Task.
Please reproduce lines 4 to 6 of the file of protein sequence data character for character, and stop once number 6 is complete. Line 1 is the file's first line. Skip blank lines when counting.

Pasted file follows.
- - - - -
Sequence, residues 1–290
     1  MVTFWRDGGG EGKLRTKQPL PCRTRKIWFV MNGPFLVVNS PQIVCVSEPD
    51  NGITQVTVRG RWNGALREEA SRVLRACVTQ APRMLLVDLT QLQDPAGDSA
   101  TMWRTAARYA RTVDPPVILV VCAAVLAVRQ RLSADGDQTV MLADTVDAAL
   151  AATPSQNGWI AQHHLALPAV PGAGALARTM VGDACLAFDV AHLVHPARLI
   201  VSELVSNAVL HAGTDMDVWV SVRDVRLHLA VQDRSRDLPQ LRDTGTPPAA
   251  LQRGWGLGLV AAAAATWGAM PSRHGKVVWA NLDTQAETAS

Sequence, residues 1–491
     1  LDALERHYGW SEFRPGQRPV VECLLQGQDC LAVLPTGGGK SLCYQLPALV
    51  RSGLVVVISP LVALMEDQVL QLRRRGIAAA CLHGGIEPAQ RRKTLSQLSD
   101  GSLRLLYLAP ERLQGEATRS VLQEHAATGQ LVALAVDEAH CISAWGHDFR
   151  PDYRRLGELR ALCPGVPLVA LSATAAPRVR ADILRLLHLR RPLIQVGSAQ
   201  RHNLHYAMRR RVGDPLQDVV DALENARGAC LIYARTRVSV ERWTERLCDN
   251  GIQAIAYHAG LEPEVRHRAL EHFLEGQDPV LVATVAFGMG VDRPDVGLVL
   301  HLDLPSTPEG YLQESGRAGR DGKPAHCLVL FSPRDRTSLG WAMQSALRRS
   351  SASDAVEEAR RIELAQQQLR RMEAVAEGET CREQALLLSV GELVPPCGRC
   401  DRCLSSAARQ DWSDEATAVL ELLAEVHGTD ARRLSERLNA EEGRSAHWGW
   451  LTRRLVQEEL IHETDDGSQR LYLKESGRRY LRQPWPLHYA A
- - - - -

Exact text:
   101  TMWRTAARYA RTVDPPVILV VCAAVLAVRQ RLSADGDQTV MLADTVDAAL
   151  AATPSQNGWI AQHHLALPAV PGAGALARTM VGDACLAFDV AHLVHPARLI
   201  VSELVSNAVL HAGTDMDVWV SVRDVRLHLA VQDRSRDLPQ LRDTGTPPAA